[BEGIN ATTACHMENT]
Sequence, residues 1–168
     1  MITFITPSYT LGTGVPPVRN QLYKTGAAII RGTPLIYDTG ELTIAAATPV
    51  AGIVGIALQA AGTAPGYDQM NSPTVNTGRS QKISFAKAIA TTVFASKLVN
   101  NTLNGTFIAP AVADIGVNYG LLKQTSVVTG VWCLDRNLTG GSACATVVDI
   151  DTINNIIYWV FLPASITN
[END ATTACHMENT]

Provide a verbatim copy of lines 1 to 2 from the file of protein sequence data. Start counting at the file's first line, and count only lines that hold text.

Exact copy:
Sequence, residues 1–168
     1  MITFITPSYT LGTGVPPVRN QLYKTGAAII RGTPLIYDTG ELTIAAATPV